THE SURPRISING HISTORY OF BALI'S SWIMWEAR MANUFACTURING HUB
Updated: Feb 4
Bali has long been a popular travel destination and tourists often leave with souvenirs from Indonesia, including clothing items such as sarongs and the traditional kathak outfit. But did you know that Bali has also become one of the world’s biggest swimwear manufacturing hubs? And not only that, but the island also happens to produce some of the most fashionable beachwear around, too! Let’s look at how Bali became one of the world’s largest swimwear manufacturers...
Colonialism in Indonesia
Bali’s colonial history is not unlike that of other Southeast Asian nations. It was first colonized by Portugal in 1511, who occupied it for almost two centuries before losing it to Holland. In 1945, Indonesia became an independent nation and as part of a United Nations-brokered peace treaty, Jakarta reabsorbed Bali into its borders. The island’s unique culture, which had survived Dutch occupation largely intact, flourished once again. The island remains one of Indonesia’s most popular tourist destinations today.
Dutch Colonization (until 1942)
The first Westerners to reach Bali were Dutch explorers. In 1670, Dutch cartographers depicted Bola on their maps, referring to narrow-waisted trousers worn by locals. The island was ruled by a series of strong rajas until 1942, when Japan invaded and occupied Indonesia for three years. During that time, Japanese soldiers forced Balinese men into labor camps where they had to wear loincloths made from bark cloth.
During World War II, most Balinese women wore sarongs called kebaya or kain Panjang; after 1945, those who could afford it began wearing imported American swimsuits with sarongs over them. After Indonesian independence in 1949, traditional dress became associated with Communism and leftists in general.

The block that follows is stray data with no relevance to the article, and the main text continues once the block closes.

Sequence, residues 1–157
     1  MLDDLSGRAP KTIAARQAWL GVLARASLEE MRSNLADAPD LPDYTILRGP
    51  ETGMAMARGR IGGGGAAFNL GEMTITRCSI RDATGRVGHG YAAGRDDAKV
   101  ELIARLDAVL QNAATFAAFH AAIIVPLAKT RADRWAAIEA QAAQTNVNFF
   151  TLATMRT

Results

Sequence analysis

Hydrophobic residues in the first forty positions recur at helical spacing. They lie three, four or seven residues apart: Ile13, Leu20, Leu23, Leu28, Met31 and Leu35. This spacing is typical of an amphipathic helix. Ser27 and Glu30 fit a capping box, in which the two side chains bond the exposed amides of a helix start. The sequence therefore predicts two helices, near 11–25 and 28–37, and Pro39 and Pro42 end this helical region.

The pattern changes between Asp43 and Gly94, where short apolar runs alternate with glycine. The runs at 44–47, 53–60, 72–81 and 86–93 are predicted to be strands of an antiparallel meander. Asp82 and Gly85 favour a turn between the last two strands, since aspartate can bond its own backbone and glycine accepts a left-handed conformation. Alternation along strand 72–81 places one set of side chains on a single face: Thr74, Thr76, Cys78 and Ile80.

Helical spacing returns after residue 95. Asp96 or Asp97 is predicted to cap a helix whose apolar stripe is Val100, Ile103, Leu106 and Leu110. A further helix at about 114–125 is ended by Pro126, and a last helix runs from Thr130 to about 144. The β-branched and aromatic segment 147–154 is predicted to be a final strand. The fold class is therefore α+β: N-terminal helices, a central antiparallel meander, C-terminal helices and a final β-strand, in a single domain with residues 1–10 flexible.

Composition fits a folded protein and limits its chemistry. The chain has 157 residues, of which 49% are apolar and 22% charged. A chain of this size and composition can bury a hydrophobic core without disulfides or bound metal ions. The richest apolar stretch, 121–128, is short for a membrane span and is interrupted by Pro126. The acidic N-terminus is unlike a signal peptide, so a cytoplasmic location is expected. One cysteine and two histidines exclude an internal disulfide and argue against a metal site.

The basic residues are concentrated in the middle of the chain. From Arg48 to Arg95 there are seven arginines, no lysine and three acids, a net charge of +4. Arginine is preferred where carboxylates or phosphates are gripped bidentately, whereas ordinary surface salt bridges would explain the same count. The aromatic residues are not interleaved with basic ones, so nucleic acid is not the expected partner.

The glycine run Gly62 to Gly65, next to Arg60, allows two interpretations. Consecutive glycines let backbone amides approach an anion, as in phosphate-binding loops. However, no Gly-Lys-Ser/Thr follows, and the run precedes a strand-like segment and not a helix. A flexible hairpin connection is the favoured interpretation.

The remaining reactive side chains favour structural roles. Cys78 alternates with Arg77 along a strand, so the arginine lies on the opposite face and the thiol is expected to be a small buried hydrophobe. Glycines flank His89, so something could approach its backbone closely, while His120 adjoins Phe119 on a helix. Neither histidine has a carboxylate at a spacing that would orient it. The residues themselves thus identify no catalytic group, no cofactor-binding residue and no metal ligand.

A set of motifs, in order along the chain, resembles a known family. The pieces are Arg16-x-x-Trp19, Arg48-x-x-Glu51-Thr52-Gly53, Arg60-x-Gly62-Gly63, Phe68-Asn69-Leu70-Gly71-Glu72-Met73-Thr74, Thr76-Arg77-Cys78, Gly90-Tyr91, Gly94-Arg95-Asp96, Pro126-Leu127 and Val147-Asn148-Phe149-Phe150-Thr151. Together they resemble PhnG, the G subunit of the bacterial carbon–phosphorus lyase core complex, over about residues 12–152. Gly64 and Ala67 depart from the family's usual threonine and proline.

The central government mandated local authorities to ban public demonstrations of these customs. When Bali’s economy took off in 1965 thanks to tourism, Western tourists wanted only two things: comfort and novelty. Loincloths did not provide either; bikinis did. Bathing suits fit right in with everything else Western visitors associated with being modern: cars, televisions, telephones and refrigerators.
In 1945, Indonesia declared its independence from Dutch rule. In a country rich with natural resources, including precious hardwoods and valuable oil, there was great demand for local manufacturing businesses. With a large pool of low-cost labor to draw upon and major demand in foreign markets, Bali became an ideal location for swimsuit manufacturing. It wasn’t long before several major players established operations on the island.
Special Economic Zones (until 1999)
In a bid to make their exports cheaper, in 1984 Indonesia created two special economic zones for textile and clothing manufacturing: one in Java, another in Bali. To encourage foreign investors, who would shoulder all the infrastructure costs, import duties were slashed by as much as 50%. Investors could also pay no local or national taxes for five years; after that they’d have to start paying 5% to 10% tax. They could run their operations entirely without an Indonesian partner if they wished.
Garments Industry Boom (since 1999)